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The Impact of Reference Norms on Inflation Persistence When Wages are Staggered

In this paper we present an extension of the Taylor model with staggered wages in which wage-setting is also influenced by reference norms (i.e. by benchmark wages). We show that reference norms can considerably increase the persistence of inflation and the extent of real wage rigidity but that these effects depend on the definition of reference norms (e.g. how backward-looking they are) and on whether the importance of norms differs between sectors. Using data on collectively bargained wages in Austria from 1980 to 2006 we show that wage-setting is strongly influenced by reference norms, that the wages of other sectors seem to matter more than own past wages and that there is a clear indication for the existence of wage leadership (i.e. asymmetries in reference norms).

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File URL: http://www.oenb.at/dms/oenb/Publikationen/Volkswirtschaft/Working-Papers/2009/Working-Paper-153/fullversion/wp153_tcm16-98524.pdf
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Paper provided by Oesterreichische Nationalbank (Austrian Central Bank) in its series Working Papers with number 153.

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Length: 63
Date of creation: 11 Mar 2009
Date of revision:
Handle: RePEc:onb:oenbwp:153
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  1. William T. Dickens & Lorenz Goette & Erica L. Groshen & Steinar Holden & Julian Messina & Mark E. Schweitzer & Jarkko Turunen & Melanie E. Ward, 2006. "How wages change: micro evidence from the International Wage Flexibility Project," Working Paper 0620, Federal Reserve Bank of Cleveland.
  2. FAME,Eric Jondeau, University of Lausanne-HEC & Jean Imbs & Eric Jondeau & Florian Pelgrin, 2006. "Aggregating Phillips Curves," Computing in Economics and Finance 2006 314, Society for Computational Economics.
  3. K. Huang & Z. Liu, . "Staggered price-setting, staggered wage-setting, and business cycle persistence," Working Papers 2000-28, Utah State University, Department of Economics.
  4. Pesaran, M. Hashem & Smith, Ron, 1995. "Estimating long-run relationships from dynamic heterogeneous panels," Journal of Econometrics, Elsevier, vol. 68(1), pages 79-113, July.
  5. Franz Traxler & Bernd Brandl & Vera Glassner, 2008. "Pattern Bargaining: An Investigation into its Agency, Context and Evidence," British Journal of Industrial Relations, London School of Economics, vol. 46(1), pages 33-58, 03.
  6. Robert E. Hall, 2005. "Employment Fluctuations with Equilibrium Wage Stickiness," American Economic Review, American Economic Association, vol. 95(1), pages 50-65, March.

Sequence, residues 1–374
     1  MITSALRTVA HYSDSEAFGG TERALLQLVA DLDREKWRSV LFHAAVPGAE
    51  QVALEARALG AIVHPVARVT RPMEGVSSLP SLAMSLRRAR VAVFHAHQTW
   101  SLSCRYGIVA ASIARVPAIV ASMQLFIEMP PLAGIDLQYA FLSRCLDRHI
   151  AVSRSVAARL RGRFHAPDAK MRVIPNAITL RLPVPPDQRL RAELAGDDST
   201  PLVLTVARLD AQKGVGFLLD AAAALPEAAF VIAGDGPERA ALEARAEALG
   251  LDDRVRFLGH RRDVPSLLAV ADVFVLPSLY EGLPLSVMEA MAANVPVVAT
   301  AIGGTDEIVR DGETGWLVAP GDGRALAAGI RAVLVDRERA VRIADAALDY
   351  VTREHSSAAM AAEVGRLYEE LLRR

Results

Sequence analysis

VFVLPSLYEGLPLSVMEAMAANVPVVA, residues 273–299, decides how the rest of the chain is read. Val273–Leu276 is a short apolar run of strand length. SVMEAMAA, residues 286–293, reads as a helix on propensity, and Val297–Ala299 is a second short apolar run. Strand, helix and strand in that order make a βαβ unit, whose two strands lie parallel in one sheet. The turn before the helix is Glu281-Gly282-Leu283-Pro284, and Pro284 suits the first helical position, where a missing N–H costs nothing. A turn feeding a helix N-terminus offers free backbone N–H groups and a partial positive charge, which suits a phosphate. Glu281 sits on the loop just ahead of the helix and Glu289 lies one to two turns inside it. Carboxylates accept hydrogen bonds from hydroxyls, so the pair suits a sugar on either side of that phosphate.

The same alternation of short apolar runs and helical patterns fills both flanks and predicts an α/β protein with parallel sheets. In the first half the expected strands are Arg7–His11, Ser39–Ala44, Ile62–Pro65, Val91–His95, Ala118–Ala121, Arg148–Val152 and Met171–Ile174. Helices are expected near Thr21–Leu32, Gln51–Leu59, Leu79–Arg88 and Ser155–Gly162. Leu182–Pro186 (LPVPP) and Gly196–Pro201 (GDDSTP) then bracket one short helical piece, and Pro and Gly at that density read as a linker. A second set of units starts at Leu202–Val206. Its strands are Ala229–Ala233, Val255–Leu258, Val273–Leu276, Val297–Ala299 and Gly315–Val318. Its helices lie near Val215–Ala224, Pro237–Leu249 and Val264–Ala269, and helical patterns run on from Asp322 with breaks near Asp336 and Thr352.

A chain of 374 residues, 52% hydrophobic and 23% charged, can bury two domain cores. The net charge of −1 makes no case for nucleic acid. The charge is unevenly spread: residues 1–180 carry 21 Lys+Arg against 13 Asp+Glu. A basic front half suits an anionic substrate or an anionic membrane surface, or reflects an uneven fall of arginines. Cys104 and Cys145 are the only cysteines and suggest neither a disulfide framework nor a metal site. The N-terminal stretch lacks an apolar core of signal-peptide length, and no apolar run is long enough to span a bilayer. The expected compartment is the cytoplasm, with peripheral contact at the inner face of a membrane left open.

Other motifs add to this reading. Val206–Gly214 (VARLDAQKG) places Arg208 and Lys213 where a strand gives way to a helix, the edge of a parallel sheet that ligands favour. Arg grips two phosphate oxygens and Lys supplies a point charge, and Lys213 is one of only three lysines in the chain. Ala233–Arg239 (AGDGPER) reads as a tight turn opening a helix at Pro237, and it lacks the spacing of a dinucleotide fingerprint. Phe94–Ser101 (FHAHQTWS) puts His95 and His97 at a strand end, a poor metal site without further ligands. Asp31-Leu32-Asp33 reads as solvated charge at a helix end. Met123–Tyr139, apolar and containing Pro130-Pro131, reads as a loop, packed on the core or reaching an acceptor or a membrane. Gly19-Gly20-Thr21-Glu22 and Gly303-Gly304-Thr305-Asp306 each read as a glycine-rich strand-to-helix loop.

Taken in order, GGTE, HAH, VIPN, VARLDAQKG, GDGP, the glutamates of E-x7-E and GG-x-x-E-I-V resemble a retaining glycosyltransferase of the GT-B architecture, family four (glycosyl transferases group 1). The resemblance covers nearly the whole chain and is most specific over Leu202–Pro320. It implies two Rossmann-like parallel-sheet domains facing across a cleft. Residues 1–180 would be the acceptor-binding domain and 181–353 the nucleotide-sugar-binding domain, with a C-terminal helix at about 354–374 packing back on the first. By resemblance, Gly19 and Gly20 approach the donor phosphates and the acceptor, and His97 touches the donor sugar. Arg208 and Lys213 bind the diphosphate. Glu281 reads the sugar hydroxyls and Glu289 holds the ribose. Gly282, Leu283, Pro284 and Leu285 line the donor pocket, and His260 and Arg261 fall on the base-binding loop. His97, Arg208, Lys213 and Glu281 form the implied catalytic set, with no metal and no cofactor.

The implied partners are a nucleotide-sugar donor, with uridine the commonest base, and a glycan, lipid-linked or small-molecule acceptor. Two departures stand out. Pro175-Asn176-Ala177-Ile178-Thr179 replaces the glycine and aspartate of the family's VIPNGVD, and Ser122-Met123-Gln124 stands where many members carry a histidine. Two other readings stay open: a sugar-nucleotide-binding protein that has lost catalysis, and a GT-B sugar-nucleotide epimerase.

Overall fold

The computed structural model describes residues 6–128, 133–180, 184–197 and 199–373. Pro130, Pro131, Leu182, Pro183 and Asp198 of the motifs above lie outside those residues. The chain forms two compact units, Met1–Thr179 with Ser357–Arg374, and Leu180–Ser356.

7. Fuhrer, Jeff & Moore, George, 1995. "Inflation Persistence," The Quarterly Journal of Economics, MIT Press, vol. 110(1), pages 127-59, February.
  8. Dixon, Huw & Kara, Engin, 2005. "Persistence and nominal inertia in a generalized Taylor economy: how longer contracts dominate shorter contracts," Working Paper Series 0489, European Central Bank.
  9. Giovanni Olivei & Silvana Tenreyro, 2007. "The Timing of Monetary Policy Shocks," American Economic Review, American Economic Association, vol. 97(3), pages 636-663, June.
  10. Karl Whelan & Jeremy Rudd, 2003. "Can Rational Expectations Sticky-Price Models Explain Inflation Dynamics?," Computing in Economics and Finance 2003 181, Society for Computational Economics.
  11. John C. Driscoll & Steinar Holden, 2003. "Inflation persistence and relative contracting," Finance and Economics Discussion Series 2003-29, Board of Governors of the Federal Reserve System (U.S.).
  12. Marika Karanassou & Dennis Snower, 2007. "Inflation Persistence and the Philips Curve Revisited," Kiel Working Papers 1349, Kiel Institute for the World Economy.
  13. N. Gregory Mankiw & Ricardo Reis, 2001. "Sticky Information Versus Sticky Prices: A Proposal to Replace the New Keynesian Phillips Curve," NBER Working Papers 8290, National Bureau of Economic Research, Inc.
  14. Gali, Jordi & Gertler, Mark, 1999. "Inflation dynamics: A structural econometric analysis," Journal of Monetary Economics, Elsevier, vol. 44(2), pages 195-222, October.
  15. Swamy, P A V B, 1970. "Efficient Inference in a Random Coefficient Regression Model," Econometrica, Econometric Society, vol. 38(2), pages 311-23, March.
  16. J. Lindquist & Roger Vilhelmsson, 2006. "Is the Swedish central government a wage leader?," Applied Economics, Taylor & Francis Journals, vol. 38(14), pages 1617-1625.
  17. Mark Gertler & Antonella Trigari, 2009. "Unemployment Fluctuations with Staggered Nash Wage Bargaining," Journal of Political Economy, University of Chicago Press, vol. 117(1), pages 38-86, 02.
  18. Frank Smets & Rafael Wouters, 2007. "Shocks and Frictions in US Business Cycles: A Bayesian DSGE Approach," American Economic Review, American Economic Association, vol. 97(3), pages 586-606, June.
  19. repec:nbr:nberre:0126 is not listed on IDEAS
  20. Steinar Holden & Fredrik Wulfsberg, 2007. "Are real wages rigid downwards?," Working Paper 2007/01, Norges Bank.
  21. Smith, Jennifer C, 1996. "Wage Interactions: Comparisons or Fall-Back Options?," Economic Journal, Royal Economic Society, vol. 106(435), pages 495-506, March.
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  23. Roberts, John M, 1995. "New Keynesian Economics and the Phillips Curve," Journal of Money, Credit and Banking, Blackwell Publishing, vol. 27(4), pages 975-84, November.
  24. Olivier Jeanne, 1997. "Generating Real Persistent Effects of Monetary Shocks: How Much Nominal Rigidity Do We Really Need?," NBER Working Papers 6258, National Bureau of Economic Research, Inc.
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